Kamadhenu is closely related with Brahminism, as against dogs, which are given a non-Brahminical aspect. She also embodies the Pancha Bhoota or the Five Elements.

Kamadhenu as the Protector of Brahmins

In Hinduism, Kamadhenu is usually associated with the highest priest class of Brahmins, sages included. She symbolizes their entire wealth, both material and spiritual, while also being a religious figure.

In Hindu tradition, cow's milk and its derivatives, especially, clarified butter or ghee, constitutes a vital part of Vedic Yagnas. These Yagnas are conducted by Brahmin priests and hence, Kamadhenu is sometimes also referred to the Homadhenu - the Homa is also a fire ritual. The cow hence takes a sacred form, as it is considered the source from who oblations are drawn and offered during the Yagna or Homa.

Kamadhenu provided milk and milk products for several sages and their families. Hence, she is seen as the one who nurtures Brahmins, offering them nourishing food for sustenance.
Kamadhenu protected her owner, sage Vasishtha, from the wrongdoings of abusive kings, who tried to steal her away from him. She had the power to produce hordes of warriors to destroy the armies that came to attack the ashram (hermitage). Hence, she also became the symbol of protection of Brahmins.

How Kamadhenu Protects Jamadagni

Kamadhenu resided at sage Jamadagni's ashram for some time. According to the Mahabharata, the thousand-armed king of the Haihayas, Kartavirya Arjuna, severely damaged Jamadagni's ashram and captured Kamadhenu's calf.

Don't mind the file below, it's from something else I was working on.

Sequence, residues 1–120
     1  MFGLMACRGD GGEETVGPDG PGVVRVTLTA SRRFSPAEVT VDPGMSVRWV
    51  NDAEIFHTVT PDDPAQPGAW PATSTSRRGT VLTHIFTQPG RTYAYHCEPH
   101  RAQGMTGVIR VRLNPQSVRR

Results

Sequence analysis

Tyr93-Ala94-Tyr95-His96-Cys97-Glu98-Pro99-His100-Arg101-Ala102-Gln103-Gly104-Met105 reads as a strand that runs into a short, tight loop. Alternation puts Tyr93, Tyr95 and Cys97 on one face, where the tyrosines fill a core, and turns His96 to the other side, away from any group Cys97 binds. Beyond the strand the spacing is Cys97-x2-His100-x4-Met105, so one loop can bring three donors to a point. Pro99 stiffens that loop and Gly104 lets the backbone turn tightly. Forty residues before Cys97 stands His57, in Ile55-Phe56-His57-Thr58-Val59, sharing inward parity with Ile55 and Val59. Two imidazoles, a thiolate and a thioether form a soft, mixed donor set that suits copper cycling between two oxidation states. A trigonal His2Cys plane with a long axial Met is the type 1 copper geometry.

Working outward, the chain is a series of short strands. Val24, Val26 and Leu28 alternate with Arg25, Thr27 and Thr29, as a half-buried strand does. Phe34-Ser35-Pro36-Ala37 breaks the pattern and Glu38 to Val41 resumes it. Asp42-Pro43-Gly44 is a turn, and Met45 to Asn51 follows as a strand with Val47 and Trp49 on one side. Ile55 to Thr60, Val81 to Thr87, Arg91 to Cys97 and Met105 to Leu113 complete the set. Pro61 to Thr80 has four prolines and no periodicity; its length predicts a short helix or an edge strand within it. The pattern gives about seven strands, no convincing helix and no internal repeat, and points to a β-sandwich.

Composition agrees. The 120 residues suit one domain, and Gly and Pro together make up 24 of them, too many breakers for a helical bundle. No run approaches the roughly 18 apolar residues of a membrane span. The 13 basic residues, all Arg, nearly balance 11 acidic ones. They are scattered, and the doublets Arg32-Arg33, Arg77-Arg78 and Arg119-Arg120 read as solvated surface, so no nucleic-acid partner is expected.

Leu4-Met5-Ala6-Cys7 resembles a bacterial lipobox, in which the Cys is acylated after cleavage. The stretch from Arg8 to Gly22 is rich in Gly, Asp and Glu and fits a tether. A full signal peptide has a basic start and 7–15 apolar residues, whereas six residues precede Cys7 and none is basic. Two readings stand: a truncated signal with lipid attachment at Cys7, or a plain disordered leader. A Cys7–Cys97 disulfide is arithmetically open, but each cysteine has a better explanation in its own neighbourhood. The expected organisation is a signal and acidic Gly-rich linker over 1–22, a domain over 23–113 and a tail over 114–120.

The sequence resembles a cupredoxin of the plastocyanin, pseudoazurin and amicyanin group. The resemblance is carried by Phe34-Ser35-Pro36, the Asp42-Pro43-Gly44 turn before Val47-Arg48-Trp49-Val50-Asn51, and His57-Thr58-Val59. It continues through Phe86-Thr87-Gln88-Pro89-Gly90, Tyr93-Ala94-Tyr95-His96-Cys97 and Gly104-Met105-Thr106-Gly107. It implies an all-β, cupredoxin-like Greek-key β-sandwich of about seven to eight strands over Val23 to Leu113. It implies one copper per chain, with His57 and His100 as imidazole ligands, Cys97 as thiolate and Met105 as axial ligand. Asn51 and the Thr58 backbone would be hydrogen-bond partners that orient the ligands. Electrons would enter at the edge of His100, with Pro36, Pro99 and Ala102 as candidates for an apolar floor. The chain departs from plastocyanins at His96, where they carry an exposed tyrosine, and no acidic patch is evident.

Parashuram Avatar - Photographic Print
Parashuram Avatar - Photographic Print
In an effort to retrieve the calf, Jamadagni's son, Parashurama, fought and killed the king. The king's sons in turn killed Jamadagni. Greatly angered and seeking revenge, Parashurama destroyed the entire Kshatriya (warrior) race, 21 times over. His father was resurrected soon after Parashurama completed his terrible mission.

Many other treatises narrate a similar story regarding Kamadhenu's stay at sage Jamadagni's ashram. The Bhagavata Purana states that Kartavirya Arjuna abducted both Kamadhenu and her calf and Parashurama defeated and slew him and brought back the cow and her daughter to his father.

According to the Padma Purana, when Kartavirya Arjuna tried to capture Kamadhenu, she defeated his entire army and then flew away to the heavens. The king, angered and humiliated, killed Jamadagni.

According to the Brahmanda Purana, Kamadhenu used her immense powers to create a big city, in order to accommodate Kartavirya Arjuna's army, when they came to visit Jamadagni's ashram.